'This Week' Transcript: Saif al-Islam and Saadi Gadhafi


TAPPER: That's exactly right, Christiane. And the Obama administration has been sending out messages, not just to allies in the region but to all countries in the region that they need to get ahead of this movement. You have seen the king of Jordan try to initiate, try to get ahead of it try to talk about pro-democracy reforms. You've seen other steps taken by the leadership in Yemen, Bahrain, Algeria in which they're trying to take some steps to at least try to convince their people they're on the side of reform and it has not always been convincing. But that's been the message they've been telling the Saudis for example to support reform efforts in Bahrain which is so close to Saudi Arabia of course, reform efforts that would include power sharing with the Shia majority in that country, even though the kingdom is run by Sunnis.

And this has not been an easy process. It is going to take a long time. But that's been the message coming from President Obama and the administration.

AMANPOUR: And Reza, just a last final word. Do you think, as everybody asks about Iran, that there is a tipping point coming to Iran as well, or not?

ASLAN: Look, the economic situation that led to the uprisings in Tunisia and Egypt and elsewhere are far worse in Iran. I mean, the inflation rate in Egypt is 12% in Iran, it's twice that. A higher unemployment rates. Higher property rates in Iran. And certainly let's not forget, the paradigm set about how to go about organizing in these authoritarian regimes began with the Green movement.

So everybody is waiting to see if what started in Iran in 2009 will end in Iran. That's hard to say. The regime has learned a lesson from what happened in 2009. But Bob's right, it's an untenable situation. The economy is on the verge of collapse, it's becoming increasingly isolated, its nuclear program is in shambles. And I think change is coming to Iran though it may not be the sort of profound revolutionary regime change that everyone is waiting for. I think that change is inevitable.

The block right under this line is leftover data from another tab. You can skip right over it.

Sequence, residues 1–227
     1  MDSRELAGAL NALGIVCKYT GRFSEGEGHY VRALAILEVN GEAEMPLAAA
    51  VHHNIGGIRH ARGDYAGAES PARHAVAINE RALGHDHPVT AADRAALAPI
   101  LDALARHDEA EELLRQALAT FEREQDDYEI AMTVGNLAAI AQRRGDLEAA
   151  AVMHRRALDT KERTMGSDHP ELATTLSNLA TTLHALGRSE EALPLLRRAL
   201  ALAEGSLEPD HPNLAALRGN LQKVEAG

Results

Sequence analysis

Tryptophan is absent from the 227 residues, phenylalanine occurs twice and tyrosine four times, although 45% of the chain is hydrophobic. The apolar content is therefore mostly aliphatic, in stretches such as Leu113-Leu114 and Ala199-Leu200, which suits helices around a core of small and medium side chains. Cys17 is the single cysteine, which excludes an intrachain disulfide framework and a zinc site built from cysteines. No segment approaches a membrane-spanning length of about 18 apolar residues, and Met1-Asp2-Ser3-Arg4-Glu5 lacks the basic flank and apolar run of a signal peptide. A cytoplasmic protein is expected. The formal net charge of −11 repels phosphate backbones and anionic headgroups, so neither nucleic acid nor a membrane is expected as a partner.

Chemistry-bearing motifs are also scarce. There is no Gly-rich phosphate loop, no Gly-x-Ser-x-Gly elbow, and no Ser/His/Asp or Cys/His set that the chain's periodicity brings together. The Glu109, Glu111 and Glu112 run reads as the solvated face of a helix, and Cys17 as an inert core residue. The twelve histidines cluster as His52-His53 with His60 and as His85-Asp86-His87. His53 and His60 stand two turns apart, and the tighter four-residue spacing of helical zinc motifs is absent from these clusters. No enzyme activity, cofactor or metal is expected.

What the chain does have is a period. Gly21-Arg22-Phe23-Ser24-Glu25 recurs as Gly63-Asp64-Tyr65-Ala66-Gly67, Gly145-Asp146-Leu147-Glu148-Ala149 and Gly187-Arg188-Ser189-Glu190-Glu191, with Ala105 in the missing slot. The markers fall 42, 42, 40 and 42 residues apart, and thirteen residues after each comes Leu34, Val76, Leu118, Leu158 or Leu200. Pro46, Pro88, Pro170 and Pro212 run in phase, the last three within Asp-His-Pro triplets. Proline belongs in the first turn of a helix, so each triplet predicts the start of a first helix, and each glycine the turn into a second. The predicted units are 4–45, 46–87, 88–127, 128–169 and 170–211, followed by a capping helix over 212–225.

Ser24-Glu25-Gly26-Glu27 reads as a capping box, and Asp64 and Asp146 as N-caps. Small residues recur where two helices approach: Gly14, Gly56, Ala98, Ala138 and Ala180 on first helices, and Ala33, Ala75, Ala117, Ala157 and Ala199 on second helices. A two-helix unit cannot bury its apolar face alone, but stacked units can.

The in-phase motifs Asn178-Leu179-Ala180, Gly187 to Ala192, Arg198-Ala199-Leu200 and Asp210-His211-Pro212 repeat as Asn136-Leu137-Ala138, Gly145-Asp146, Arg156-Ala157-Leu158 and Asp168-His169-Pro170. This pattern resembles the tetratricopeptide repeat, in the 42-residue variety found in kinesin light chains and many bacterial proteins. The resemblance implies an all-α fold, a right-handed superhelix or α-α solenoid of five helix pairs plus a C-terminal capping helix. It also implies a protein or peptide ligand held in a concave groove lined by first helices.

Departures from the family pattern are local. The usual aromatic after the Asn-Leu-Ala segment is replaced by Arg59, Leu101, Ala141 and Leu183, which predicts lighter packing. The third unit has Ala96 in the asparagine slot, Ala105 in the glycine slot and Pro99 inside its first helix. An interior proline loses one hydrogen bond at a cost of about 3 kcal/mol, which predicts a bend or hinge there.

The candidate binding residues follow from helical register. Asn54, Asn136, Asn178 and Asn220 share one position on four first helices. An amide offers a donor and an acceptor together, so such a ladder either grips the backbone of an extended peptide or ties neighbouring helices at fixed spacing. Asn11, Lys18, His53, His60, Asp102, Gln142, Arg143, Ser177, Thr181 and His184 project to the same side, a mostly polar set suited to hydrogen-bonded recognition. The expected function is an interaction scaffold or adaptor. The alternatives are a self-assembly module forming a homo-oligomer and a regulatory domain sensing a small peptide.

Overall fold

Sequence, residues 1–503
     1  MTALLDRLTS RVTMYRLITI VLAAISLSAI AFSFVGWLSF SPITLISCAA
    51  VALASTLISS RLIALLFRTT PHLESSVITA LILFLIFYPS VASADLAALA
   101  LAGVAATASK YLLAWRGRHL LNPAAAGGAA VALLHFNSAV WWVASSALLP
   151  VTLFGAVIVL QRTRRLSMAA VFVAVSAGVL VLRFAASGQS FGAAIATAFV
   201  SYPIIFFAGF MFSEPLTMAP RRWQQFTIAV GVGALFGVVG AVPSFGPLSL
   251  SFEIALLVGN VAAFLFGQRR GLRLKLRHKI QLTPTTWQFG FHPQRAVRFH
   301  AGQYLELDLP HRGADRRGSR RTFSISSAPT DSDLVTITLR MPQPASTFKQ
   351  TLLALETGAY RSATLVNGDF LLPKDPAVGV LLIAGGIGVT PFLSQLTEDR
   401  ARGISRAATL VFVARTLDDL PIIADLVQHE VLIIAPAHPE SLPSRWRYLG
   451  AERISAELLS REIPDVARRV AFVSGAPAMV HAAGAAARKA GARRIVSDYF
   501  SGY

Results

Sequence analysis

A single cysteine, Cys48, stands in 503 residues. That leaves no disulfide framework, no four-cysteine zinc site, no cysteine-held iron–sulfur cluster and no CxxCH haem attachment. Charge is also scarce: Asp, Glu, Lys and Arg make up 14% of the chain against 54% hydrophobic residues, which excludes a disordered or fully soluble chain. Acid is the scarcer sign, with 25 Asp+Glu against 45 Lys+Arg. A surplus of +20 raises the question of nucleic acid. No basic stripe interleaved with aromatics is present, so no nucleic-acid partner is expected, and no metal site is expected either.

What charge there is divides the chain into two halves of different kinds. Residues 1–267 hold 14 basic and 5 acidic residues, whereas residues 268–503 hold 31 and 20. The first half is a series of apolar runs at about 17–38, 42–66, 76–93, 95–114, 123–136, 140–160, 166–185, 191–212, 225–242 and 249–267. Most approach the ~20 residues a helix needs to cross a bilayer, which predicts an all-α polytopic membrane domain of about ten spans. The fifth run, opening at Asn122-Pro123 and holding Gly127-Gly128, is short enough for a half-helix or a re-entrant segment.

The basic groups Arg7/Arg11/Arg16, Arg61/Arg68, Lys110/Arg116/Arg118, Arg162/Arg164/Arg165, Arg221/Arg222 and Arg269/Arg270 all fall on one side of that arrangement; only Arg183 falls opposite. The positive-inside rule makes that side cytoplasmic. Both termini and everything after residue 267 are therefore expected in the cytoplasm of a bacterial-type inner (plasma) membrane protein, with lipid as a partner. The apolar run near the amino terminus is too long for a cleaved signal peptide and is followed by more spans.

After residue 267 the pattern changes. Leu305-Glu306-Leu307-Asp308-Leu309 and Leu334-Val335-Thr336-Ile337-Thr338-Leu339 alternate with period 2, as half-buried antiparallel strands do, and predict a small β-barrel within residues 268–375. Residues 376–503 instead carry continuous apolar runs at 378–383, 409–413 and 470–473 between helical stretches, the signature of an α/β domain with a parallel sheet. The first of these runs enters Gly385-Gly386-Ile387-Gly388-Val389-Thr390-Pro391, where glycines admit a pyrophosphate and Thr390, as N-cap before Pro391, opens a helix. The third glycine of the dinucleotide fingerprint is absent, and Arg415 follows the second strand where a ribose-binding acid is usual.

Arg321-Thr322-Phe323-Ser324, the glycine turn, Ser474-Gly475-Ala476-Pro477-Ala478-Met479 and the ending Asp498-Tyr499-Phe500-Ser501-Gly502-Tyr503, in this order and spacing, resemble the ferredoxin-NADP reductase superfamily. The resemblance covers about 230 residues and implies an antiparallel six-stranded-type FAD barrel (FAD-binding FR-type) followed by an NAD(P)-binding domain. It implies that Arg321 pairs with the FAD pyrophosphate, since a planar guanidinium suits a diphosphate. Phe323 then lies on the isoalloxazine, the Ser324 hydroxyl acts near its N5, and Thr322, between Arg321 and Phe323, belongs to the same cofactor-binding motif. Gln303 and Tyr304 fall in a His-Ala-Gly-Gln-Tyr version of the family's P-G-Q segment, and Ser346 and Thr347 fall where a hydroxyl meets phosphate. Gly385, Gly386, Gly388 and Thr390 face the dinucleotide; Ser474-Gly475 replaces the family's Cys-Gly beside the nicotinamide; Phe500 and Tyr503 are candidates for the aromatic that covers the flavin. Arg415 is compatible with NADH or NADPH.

AMANPOUR: And many people -- we've talked briefly on al Qaeda. Bob Kagen, is this an opportunity for al Qaeda, these democratic revolutions that are sweeping around here, or democracy sweeping here, is it an opportunity for al Qaeda or is it a blow to al Qaeda?

KAGAN: I think it's a blow to al Qaeda. I think that the more you see the people who are taking part in the revolutions, the desire for democracy and freedom that they express, they have no interest in al Qaeda's message. Al Qaeda's message is one of hatred, it's one of really a kind of theocratic tyranny. It's not a message of democracy. They consider -- al Qaeda considers democracy an enemy. And there's just very little sign, in fact there's no sign that I have seen that there's any enthusiasm for al Qaeda.

The only danger we face right now, with regard to al Qaeda or any kind of terrorist group is if Libya completely implodes and becomes a failed state then they able to take up residence in Libya and operate from there. And that's the United States has a very profound interest in how Libya turns out and I think will need to get involved, I hope not to a great extent, but possibly more than I think people are imagining now.

AMANPOUR: Bob Kagan, Reza Aslan and Jake Tapper, thank you very much.

And I'll be back from Tripoli with a note at the end of the program.

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